Key stage 1-2 art
Create a self-portrait:
explain the symbols in the portrait of Queen Elizabeth I and how, like photographs today, people used to dress up to have their portrait painted and clues about sitters' lives were included in the artwork.
What would children put in a portrait of themselves? Clothes they would wear, their poses and possessions, such as medals, certificates, favourite books and films.
"Pounce" your own cartoon:
ask the children to create their own outline drawing or copy one. Then, using a pin, prick holes all the way around the outline (the students will need to wiggle the pin around to create large enough holes). Using a paper-clip, attach a piece of paper beneath the outline drawing and scribble hard over the holes with charcoal. Remove the outline drawing and there will be a dotted outline on the paper. The dots are then joined up to create the outline.
Pouncing was a technique used by artists such as Nicholas Hilliard to transfer their sketches on to wooden panels to be painted. Artists would have used loose charcoal in a muslin bag and banged ("pounced") the bag over the pricked holes. The pin-pricked sketch was called a cartoon.
Make a collage of Elizabeth I: use the portrait encourage children to think about Elizabeth's lifestyle. Give them areas to comment on, draw pictures of, or collect pictures to make a collage, and put her into the context in which she lived.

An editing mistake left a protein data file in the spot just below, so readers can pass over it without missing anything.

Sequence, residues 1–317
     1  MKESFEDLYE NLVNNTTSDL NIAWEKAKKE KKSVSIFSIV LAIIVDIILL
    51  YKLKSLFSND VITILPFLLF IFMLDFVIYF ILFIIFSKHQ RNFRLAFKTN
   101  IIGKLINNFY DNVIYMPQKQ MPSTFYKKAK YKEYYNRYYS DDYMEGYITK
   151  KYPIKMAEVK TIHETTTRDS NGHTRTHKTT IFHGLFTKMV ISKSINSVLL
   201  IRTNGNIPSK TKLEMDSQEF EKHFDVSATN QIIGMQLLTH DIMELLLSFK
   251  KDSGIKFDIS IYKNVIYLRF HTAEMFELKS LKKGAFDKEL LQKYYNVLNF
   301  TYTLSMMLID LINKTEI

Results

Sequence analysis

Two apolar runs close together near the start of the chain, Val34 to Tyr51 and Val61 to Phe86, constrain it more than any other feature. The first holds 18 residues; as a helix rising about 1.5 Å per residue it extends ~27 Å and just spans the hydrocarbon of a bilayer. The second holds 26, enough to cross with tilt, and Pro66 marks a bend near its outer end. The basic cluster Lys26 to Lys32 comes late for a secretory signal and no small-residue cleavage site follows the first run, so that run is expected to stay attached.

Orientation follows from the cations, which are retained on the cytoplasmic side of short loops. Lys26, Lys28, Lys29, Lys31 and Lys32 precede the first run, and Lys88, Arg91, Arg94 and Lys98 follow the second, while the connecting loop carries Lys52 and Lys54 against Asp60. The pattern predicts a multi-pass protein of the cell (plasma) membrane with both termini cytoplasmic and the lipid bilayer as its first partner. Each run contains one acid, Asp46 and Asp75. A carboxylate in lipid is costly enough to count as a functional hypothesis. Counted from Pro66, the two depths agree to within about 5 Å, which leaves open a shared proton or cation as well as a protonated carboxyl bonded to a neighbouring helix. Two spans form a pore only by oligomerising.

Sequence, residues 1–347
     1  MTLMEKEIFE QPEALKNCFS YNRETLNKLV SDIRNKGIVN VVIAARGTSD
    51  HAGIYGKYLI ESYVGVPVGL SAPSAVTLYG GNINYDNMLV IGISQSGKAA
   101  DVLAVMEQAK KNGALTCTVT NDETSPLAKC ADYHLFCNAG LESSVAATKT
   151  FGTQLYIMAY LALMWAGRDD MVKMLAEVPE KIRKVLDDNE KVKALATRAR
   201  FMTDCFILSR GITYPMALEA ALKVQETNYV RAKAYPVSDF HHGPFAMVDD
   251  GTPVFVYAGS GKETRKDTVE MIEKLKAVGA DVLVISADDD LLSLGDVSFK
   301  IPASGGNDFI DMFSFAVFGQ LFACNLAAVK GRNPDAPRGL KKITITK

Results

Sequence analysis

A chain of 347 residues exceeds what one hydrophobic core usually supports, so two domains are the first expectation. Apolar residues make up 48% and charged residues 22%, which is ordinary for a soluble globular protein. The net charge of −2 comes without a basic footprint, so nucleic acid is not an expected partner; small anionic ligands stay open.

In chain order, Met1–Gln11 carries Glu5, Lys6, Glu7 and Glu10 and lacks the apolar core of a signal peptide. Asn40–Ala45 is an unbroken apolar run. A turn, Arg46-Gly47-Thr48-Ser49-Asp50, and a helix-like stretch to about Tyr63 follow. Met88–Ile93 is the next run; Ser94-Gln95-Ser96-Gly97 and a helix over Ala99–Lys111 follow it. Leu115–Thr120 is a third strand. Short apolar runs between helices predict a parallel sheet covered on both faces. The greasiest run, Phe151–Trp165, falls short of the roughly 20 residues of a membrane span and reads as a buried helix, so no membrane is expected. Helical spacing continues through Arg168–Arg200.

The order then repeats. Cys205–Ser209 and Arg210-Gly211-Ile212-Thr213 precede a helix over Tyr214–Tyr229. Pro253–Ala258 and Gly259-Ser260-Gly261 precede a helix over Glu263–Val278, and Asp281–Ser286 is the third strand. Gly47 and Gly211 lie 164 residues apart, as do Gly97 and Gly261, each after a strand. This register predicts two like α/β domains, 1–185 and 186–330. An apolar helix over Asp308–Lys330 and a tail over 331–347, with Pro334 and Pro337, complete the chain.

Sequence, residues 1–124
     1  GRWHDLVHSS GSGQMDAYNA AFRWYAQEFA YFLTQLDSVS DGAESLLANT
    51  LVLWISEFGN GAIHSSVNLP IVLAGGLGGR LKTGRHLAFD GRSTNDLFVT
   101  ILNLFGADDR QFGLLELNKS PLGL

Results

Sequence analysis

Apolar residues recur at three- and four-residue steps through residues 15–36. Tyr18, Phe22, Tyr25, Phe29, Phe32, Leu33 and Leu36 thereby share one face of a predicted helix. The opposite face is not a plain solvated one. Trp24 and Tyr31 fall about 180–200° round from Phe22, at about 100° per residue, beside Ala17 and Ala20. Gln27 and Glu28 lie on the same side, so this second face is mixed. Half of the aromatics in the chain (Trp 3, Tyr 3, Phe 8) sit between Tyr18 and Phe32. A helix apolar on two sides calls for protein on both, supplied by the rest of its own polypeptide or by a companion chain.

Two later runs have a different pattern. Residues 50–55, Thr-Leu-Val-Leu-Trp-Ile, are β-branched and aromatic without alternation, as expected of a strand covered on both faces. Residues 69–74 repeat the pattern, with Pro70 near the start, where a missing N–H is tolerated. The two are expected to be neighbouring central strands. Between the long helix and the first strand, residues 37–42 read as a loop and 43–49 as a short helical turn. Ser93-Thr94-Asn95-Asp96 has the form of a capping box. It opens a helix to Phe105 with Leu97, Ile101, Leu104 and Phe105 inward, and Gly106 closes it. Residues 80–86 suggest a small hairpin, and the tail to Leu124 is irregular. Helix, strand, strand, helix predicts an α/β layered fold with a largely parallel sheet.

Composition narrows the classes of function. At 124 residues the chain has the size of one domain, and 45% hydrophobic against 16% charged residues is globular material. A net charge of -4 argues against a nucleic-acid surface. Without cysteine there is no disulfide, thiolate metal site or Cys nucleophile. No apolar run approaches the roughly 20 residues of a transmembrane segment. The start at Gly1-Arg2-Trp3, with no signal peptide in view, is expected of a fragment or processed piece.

Questions to ask: Did she have a lot of money? How can you tell? What type of person was she? Do you think she looks healthy? In what type of house would she have lived? What type of food would she have eaten? What hobbies do you think she had? Would it have been easy for her to wash her clothes? How might she have travelled around?
Create portraits: discuss the colours and lack of shadow in the painting.
Allow students to use mixed-media techniques to create their portrait, selecting colours to portray emotions.
Create your own logo: explain how the Tudor rose is a symbol of Elizabeth's family. Look for other symbols and logos about life today to show how we associate pictures with certain people and places. Students can then create their own symbol based on objects that are important in their families.
Propaganda: ask students to find examples of how other monarchs and leaders have portrayed themselves. Link to modern-day examples in the news.